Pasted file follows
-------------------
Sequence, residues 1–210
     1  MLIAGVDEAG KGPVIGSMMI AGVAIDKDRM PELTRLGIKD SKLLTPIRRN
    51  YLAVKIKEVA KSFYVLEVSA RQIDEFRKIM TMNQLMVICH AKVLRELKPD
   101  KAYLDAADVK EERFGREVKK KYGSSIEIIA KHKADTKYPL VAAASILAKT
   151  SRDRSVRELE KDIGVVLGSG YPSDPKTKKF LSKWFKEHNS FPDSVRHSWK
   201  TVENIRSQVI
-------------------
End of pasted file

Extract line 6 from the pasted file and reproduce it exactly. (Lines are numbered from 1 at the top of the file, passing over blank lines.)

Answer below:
   201  TVENIRSQVI